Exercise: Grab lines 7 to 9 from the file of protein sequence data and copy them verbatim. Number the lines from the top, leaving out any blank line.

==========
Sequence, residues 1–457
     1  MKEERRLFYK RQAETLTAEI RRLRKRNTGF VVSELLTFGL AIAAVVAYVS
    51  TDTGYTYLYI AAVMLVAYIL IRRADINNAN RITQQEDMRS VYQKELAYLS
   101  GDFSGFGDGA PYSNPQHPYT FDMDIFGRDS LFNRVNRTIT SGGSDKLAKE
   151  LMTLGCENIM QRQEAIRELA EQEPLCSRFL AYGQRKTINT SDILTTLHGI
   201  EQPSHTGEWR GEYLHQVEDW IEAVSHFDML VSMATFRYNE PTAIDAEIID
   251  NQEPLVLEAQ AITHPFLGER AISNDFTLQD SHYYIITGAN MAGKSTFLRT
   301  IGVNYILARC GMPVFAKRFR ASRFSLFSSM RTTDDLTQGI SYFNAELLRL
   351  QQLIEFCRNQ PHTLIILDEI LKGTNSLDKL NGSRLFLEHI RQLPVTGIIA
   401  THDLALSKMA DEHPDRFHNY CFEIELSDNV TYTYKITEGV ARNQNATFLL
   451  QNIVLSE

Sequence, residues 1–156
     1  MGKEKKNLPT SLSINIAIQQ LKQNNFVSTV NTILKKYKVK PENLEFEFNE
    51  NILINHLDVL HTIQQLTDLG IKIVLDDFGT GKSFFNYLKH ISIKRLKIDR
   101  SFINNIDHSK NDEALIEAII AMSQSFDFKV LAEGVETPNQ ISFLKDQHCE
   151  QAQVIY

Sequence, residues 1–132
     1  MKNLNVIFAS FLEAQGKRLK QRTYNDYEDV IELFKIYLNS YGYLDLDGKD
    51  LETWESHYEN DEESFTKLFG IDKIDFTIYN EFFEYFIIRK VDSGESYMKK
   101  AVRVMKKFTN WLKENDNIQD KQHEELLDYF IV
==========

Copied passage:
   251  NQEPLVLEAQ AITHPFLGER AISNDFTLQD SHYYIITGAN MAGKSTFLRT
   301  IGVNYILARC GMPVFAKRFR ASRFSLFSSM RTTDDLTQGI SYFNAELLRL
   351  QQLIEFCRNQ PHTLIILDEI LKGTNSLDKL NGSRLFLEHI RQLPVTGIIA